3 myths about raising active and successful kids

October 29, 2012 No Comments »
3 myths about raising active and successful kids

Our latest TV ad features NHL superstar and dad Vincent Lecavalier playing “tightrope walking” with his daughter Victoria and some of her friends. The ad highlights the fact that it’s easy, fun and critical for parents to play with their kids in a way so they learn fundamental physical skills.

As simple as the ad is, it actually challenges common beliefs on raising active and successful kids.

There are 3 common myths that we want to debunk:

Myth 1: Kids will learn all the skills they need on their own

Kids play. That’s what they do. But playing is more than just fun; play is critical to your kid’s entire development.

Play is so important that the United Nations has recognized play as a fundamental right of children. The UN statement is in recognition of the research that shows kids need play to grow physically, intellectually, socially and emotionally.

But parents are not necessarily aware that kids need to play a variety of games to develop the physical literacy skills they need to achieve their full potential.

Our recommendation:
It’s great to spend time playing games with your children. As you play with them, why not play fun games that will also help your child learn fundamental skills that will help them in all aspects of life?

Myth 2: Teachers and coaches will teach my kids the skills they need to know

So that we can deliver to you what you need, we’re always talking with parents like you. Parents have told us that helping their kids succeed is important. Along the way, they feel that their main responsibility is to make sure their kids succeed academically. It’s not that parents don’t understand the importance of physical activity, but they assume that coaches and teachers will teach their kids the physical skills they need.

In reality, parents are and remain their kid’s first teachers, and this applies to physical skills as much as academic skills. And you can’t start too early. From birth to age 6, children need to develop the ABCs of movement – agility, balance, coordination, speed – by playing a diversity of fun games everyday.

Our recommendation:
Realize that you are your child’s first teacher of all skills, especially the physical skills. By teaching, we mean exposing your child to many fun games. Don’t be afraid if you are not sporty yourself. It’s not about turning your kid into an Olympian; it’s about teaching good skills and active habits early in life. Get to know the fundamental skills for your kid’s age and just play!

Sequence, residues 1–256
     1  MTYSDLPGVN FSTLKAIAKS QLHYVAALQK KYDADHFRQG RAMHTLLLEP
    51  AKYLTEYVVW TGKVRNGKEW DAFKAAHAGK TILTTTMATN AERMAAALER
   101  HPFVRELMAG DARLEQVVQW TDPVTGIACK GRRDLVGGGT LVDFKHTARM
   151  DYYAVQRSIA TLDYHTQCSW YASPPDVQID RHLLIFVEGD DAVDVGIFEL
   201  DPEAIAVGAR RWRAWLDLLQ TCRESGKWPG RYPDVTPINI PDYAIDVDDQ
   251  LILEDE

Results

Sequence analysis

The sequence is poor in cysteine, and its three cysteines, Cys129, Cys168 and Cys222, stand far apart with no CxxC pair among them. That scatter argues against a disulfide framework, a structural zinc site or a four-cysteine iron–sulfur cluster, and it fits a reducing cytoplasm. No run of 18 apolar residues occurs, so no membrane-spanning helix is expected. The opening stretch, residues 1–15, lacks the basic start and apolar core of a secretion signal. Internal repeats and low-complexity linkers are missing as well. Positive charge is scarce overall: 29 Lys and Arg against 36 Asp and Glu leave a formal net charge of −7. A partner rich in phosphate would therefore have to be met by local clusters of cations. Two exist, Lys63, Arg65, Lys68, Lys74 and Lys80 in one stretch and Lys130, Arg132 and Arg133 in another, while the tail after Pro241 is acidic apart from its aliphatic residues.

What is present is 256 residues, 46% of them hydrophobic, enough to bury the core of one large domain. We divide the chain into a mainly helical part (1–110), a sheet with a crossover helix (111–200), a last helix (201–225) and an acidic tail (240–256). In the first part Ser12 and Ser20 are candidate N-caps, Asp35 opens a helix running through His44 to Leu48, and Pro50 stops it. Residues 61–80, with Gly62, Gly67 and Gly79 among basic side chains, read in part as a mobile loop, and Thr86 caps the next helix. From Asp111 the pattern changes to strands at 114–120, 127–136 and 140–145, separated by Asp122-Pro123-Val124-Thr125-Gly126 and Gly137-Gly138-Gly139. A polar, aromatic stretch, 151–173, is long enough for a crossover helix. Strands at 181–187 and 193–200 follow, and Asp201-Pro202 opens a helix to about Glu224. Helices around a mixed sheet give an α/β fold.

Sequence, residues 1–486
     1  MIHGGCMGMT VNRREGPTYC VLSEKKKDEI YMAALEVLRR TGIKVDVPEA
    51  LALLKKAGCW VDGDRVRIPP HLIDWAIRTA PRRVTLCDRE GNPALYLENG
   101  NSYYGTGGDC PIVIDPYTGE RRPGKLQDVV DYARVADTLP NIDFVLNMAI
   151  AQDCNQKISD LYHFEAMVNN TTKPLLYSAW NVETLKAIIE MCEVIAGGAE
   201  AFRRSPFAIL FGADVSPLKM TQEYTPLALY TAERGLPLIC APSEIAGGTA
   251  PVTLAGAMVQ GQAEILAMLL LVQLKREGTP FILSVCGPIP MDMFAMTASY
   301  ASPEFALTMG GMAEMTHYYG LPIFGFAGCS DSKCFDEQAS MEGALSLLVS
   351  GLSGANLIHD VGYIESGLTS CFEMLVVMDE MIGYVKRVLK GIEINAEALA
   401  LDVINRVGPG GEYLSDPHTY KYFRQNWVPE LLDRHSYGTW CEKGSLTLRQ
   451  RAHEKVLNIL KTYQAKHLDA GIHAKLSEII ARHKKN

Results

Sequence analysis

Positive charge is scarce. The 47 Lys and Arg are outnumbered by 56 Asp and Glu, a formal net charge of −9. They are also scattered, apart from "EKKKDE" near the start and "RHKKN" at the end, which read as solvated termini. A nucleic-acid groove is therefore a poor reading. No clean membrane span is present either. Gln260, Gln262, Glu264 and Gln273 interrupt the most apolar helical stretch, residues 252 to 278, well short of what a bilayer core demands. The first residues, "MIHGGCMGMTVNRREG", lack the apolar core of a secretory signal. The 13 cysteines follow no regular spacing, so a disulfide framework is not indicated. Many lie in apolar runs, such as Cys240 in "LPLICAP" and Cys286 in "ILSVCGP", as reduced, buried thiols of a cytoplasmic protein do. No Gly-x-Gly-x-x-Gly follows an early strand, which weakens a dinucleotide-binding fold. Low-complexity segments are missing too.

Myth 3: It’s for jocks only, my kid is not an athlete

In our last editorial we stated that there are no natural-born athletes. This generated many comments. It has raised the old nature versus nurture debate, but there’s not much to argue in view of the new research. There is simply a lot of science that now demonstrates that our brain is not static, and that what we do actually changes the structure of our brain.

In other words, the brain we are born with will adapt and evolve according to what we do and the skills we practice. Two video clips, one from Daniel Coyle author of The Talent Code and one from Matthew Syed who wrote Bounce: How Champions are Made present simple summaries of the research.

Based on the science, our contributor Sara Smeaton, who calls herself a “non-sporty mom”, told me that she has changed her entire outlook on what could be possible for her kids. “I always thought that my kids would never be athletic. I was resigned to the fact that they would be un-athletic like my husband and I,” she said.

Our recommendation:
Don’t fall into the old clichés of sporty versus non-sporty or athletic versus non-athletic. Instead, look at physical literacy as a way to help your children develop as well-rounded people. In the end, our body is our window to the world. Whether your children become artists, business moguls or professional athletes, their bodies will be their main tools for expressing themselves and for relating to the world around them.

The winning formula

The formula is simple: Play with your children, and play fun games that will help them to develop fundamental movement skills. With new skills, your children’s confidence will improve. With skills and confidence, their level of enjoyment will grow. In the end, having more fun in activity will mean your kids might become active for life!

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